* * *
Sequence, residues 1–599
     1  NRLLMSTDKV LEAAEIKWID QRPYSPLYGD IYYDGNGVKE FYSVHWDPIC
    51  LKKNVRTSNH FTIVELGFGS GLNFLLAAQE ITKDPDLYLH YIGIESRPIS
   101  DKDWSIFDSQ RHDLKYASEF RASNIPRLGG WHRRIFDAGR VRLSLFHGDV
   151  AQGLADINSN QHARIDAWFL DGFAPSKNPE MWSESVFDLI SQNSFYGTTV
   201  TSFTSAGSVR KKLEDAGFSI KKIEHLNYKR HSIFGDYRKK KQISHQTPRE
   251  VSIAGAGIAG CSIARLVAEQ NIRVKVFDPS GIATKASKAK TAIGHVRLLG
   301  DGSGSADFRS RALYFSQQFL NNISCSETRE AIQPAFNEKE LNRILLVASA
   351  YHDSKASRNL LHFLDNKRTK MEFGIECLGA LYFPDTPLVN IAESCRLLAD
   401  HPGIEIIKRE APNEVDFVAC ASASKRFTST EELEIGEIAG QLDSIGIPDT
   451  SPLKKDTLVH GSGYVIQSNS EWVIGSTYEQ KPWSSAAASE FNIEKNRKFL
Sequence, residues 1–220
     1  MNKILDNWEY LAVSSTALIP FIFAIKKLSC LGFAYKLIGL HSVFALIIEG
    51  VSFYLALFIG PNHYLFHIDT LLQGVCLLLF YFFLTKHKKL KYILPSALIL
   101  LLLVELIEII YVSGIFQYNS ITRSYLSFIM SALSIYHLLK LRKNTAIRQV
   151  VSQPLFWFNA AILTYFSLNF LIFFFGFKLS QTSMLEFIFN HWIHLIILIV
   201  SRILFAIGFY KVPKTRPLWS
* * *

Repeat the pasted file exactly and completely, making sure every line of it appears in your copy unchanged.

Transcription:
Sequence, residues 1–599
     1  NRLLMSTDKV LEAAEIKWID QRPYSPLYGD IYYDGNGVKE FYSVHWDPIC
    51  LKKNVRTSNH FTIVELGFGS GLNFLLAAQE ITKDPDLYLH YIGIESRPIS
   101  DKDWSIFDSQ RHDLKYASEF RASNIPRLGG WHRRIFDAGR VRLSLFHGDV
   151  AQGLADINSN QHARIDAWFL DGFAPSKNPE MWSESVFDLI SQNSFYGTTV
   201  TSFTSAGSVR KKLEDAGFSI KKIEHLNYKR HSIFGDYRKK KQISHQTPRE
   251  VSIAGAGIAG CSIARLVAEQ NIRVKVFDPS GIATKASKAK TAIGHVRLLG
   301  DGSGSADFRS RALYFSQQFL NNISCSETRE AIQPAFNEKE LNRILLVASA
   351  YHDSKASRNL LHFLDNKRTK MEFGIECLGA LYFPDTPLVN IAESCRLLAD
   401  HPGIEIIKRE APNEVDFVAC ASASKRFTST EELEIGEIAG QLDSIGIPDT
   451  SPLKKDTLVH GSGYVIQSNS EWVIGSTYEQ KPWSSAAASE FNIEKNRKFL
Sequence, residues 1–220
     1  MNKILDNWEY LAVSSTALIP FIFAIKKLSC LGFAYKLIGL HSVFALIIEG
    51  VSFYLALFIG PNHYLFHIDT LLQGVCLLLF YFFLTKHKKL KYILPSALIL
   101  LLLVELIEII YVSGIFQYNS ITRSYLSFIM SALSIYHLLK LRKNTAIRQV
   151  VSQPLFWFNA AILTYFSLNF LIFFFGFKLS QTSMLEFIFN HWIHLIILIV
   201  SRILFAIGFY KVPKTRPLWS